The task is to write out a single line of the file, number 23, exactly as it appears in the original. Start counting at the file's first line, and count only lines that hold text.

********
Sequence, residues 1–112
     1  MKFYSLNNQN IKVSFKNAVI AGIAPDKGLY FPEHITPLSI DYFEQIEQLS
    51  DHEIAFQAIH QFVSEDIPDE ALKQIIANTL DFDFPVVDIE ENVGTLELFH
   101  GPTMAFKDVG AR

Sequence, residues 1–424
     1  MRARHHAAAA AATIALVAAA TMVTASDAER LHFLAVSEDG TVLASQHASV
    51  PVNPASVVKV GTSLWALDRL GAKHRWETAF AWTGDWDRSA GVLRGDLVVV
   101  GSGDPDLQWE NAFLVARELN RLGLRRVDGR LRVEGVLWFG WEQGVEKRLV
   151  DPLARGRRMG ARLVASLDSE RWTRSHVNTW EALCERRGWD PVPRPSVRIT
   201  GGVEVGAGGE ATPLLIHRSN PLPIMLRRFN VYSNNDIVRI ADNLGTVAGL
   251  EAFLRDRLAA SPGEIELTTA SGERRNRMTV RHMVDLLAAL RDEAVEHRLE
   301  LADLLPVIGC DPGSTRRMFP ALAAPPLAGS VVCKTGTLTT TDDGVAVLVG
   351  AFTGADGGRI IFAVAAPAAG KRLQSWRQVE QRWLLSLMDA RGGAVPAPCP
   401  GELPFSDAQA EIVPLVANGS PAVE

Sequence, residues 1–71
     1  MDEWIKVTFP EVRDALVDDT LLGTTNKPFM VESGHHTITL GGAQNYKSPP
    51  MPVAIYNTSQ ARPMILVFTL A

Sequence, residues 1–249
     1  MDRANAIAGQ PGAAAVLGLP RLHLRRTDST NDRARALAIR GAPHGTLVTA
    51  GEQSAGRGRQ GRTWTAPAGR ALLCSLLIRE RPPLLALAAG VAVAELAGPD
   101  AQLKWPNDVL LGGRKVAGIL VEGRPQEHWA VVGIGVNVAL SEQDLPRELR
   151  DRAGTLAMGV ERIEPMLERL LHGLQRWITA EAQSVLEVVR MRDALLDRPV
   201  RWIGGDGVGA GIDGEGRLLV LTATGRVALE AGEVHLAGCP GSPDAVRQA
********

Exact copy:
   201  RWIGGDGVGA GIDGEGRLLV LTATGRVALE AGEVHLAGCP GSPDAVRQA